More than 35 percent of Greater Philadelphia's population 25 years and older has a bachelor’s degree or higher, compared to the U.S. average of 28 percent, and 13 percent have advanced degrees, compared to the U.S. average of 10 percent.
Greater Philadelphia has the smarts, outpacing the national average in percentage of the population over age 25 with bachelor’s and advanced degrees.
More than 35 percent of the region’s population 25 years and older has a bachelor’s degree or higher, compared to the U.S. average of 28 percent, and 13 percent have advanced degrees, compared to the U.S. average of 10 percent.
In addition, nearly 60 percent of graduates of the 100 colleges and universities in Greater Philadelphia stay in the region for at least one year after graduating. Colleges and universities in the region earn regular recognition on national rankings, such as the University of Pennsylvania’s Wharton School, which is ranked among the top three business schools in the nation for 2014 by U.S. News & World Report.
Relationship With Business
At Rutgers University-Camden, many grads go to work at companies with operations in the region such as PricewaterhouseCoopers, Lockheed Martin, Comcast and the Cooper and Virtua health-care systems. The university’s growing science programs have supplied graduates for the region’s vast pharmaceutical and life sciences industry.
“Our university has a good relationship with businesses in the region, starting with internships we offer in partnership with numerous companies,” says Wendell Pritchett, Rutgers University-Camden president.
Pritchett says Rutgers-Camden has a growing business school and started a nursing school two years ago that has already doubled in size for student enrollment.
“We also have a strong entrepreneurship program and a technology center on campus, along with a Small Business Development Center,” he says. “If you get a degree from Rutgers University-Camden, you have an excellent chance of getting a good job in a top career – and will hopefully remain in the Greater Philadelphia region.”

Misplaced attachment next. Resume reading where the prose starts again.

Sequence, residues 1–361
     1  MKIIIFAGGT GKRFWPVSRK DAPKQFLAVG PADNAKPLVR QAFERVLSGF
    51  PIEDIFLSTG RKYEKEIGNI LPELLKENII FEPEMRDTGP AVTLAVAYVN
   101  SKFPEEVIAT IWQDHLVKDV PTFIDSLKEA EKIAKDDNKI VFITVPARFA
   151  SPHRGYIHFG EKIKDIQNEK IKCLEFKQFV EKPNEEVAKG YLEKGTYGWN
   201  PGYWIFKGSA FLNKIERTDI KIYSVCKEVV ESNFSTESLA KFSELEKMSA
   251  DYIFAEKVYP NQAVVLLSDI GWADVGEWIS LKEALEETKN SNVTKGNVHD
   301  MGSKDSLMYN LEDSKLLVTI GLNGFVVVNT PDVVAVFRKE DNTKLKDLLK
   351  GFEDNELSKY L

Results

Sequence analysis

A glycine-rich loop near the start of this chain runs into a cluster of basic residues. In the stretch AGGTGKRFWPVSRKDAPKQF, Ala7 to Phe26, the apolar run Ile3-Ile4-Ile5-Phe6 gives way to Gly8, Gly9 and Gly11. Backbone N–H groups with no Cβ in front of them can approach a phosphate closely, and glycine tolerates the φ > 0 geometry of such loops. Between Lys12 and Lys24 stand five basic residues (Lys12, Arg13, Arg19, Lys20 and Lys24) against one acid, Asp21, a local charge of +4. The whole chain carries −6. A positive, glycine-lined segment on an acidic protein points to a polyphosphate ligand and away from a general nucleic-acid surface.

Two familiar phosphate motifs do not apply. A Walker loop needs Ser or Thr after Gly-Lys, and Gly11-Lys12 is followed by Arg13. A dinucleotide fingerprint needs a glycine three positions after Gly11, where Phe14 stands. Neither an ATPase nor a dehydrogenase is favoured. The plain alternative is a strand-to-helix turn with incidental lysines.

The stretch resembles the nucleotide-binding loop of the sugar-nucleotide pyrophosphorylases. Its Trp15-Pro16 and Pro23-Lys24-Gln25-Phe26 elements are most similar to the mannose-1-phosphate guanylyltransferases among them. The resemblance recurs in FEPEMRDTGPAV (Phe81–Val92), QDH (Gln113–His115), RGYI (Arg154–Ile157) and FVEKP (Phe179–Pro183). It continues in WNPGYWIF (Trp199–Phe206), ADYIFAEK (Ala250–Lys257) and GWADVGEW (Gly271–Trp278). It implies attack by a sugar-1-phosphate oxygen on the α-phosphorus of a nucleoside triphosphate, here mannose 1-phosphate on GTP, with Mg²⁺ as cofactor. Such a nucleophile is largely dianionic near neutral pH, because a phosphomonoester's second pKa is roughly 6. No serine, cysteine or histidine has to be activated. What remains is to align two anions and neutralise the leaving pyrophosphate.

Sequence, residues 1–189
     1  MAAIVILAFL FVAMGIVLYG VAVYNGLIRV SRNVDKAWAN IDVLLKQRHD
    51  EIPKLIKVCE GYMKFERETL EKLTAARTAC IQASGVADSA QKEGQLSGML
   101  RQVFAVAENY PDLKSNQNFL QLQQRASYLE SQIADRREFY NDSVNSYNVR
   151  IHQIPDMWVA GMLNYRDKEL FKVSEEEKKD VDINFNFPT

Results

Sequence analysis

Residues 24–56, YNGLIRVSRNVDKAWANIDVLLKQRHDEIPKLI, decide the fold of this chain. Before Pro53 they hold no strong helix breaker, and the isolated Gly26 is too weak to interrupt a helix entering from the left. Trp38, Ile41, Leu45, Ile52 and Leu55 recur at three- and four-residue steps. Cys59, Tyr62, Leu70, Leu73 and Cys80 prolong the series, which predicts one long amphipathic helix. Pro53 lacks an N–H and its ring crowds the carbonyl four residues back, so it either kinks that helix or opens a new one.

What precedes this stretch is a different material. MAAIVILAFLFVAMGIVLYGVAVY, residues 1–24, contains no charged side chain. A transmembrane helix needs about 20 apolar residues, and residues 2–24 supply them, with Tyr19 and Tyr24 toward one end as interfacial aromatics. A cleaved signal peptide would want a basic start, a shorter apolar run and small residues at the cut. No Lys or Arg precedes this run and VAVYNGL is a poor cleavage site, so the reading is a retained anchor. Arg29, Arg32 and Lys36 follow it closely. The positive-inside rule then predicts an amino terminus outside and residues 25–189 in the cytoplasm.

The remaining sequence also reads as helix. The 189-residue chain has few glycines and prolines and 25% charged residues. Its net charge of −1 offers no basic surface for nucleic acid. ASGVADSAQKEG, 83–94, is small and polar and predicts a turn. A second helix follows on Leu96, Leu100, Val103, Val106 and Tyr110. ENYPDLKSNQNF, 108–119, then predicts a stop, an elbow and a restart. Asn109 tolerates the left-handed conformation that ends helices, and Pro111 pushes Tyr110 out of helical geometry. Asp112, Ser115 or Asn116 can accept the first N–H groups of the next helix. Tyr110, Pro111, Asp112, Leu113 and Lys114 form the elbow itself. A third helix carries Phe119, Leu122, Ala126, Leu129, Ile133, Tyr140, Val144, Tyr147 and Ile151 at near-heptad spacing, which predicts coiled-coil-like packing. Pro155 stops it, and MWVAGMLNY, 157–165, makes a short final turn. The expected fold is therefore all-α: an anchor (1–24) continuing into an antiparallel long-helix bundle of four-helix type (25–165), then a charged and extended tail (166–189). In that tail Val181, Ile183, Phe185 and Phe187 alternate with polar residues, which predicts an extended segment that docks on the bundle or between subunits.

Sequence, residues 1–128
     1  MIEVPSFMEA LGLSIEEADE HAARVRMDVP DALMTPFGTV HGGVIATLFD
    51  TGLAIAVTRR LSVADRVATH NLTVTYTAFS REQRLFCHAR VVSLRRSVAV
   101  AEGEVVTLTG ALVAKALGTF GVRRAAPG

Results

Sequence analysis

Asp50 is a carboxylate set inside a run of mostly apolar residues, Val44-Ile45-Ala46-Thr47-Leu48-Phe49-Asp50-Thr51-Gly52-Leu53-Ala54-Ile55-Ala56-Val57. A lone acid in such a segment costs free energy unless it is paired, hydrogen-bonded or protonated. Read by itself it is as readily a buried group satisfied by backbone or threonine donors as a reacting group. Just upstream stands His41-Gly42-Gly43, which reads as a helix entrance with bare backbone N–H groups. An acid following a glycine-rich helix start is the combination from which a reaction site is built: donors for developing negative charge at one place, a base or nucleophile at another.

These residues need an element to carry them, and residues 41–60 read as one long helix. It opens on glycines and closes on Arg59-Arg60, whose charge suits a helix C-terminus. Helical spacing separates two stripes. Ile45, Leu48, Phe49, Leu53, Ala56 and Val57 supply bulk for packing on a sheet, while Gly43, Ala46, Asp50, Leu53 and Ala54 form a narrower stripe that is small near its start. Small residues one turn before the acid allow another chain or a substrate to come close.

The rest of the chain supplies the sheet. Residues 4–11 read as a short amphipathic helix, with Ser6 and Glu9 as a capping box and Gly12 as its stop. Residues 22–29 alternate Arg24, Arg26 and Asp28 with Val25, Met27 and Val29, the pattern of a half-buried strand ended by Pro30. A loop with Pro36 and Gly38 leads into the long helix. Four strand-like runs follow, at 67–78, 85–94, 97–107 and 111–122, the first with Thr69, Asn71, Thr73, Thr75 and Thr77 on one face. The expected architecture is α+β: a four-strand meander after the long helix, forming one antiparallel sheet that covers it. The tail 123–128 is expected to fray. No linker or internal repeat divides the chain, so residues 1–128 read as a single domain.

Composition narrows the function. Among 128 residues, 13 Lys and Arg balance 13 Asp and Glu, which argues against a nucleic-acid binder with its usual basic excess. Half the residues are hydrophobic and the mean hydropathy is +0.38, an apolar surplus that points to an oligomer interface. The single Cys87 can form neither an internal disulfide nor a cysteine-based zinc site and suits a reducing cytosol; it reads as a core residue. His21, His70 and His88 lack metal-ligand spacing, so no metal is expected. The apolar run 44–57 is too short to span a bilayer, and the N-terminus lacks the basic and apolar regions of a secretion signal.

Greater Philadelphia’s higher education system includes colleges and universities with global reputations and global reach, drawing not only high-caliber students but highly valued faculty, researchers and administrators.
Faculty members and the administration at University of Delaware have been involved with research for more than 70 years, first partnering with DuPont to help build the university’s chemical engineering program. The university today attracts about $140 million in annual research funding, and the last fiscal year saw UD secure 588 new awards to support research, many of which came in the form of grants from federal agencies like the National Institutes of Health.
“UD research has led to major economic development and successful spinoff companies,” says Domenico Grasso, University of Delaware provost. “One such company that started in our electrical and computer engineering department was called FingerWorks, which developed the touch-screen technology used in smartphones and tablets. The FingerWorks technology was eventually sold to Apple.”
At Drexel University, professors are partnering with Children’s Hospital of Philadelphia and Hebrew University in Jerusalem to focus on pediatric research that will more speedily advance pediatric medicine from the lab to the bedside. The collaboration began in January 2014 when representatives from Drexel, Children’s Hospital and Hebrew University met in Philadelphia to develop joint projects and proposals, and welcomed interested funders to learn about the potential for discoveries with this partnership between the two Philadelphia landmark institutions and the Israel-based university.
At Widener University in Chester, Pa., a new Freedom Hall opened in 2013 to house communications studies, informatics and computer science research programs.
“Most of our Widener grads come from the area, stay here for their education, then get jobs and contribute to the communities in the Philadelphia region,” says Dan Hanson, Widener University director of public relations.
Hanson says for the fall 2013 semester, Widener attracted its largest-ever freshman class.
“A couple of years ago, we opened an Oskin Leadership Institute on campus to incorporate leadership training into many of our curriculums,” he says. “As a result, Widener now backs an annual High School Leadership Awards program in conjunction with NBC TV 10 in Philadelphia, to identify good leaders in Philadelphia high schools and offer them scholarships.”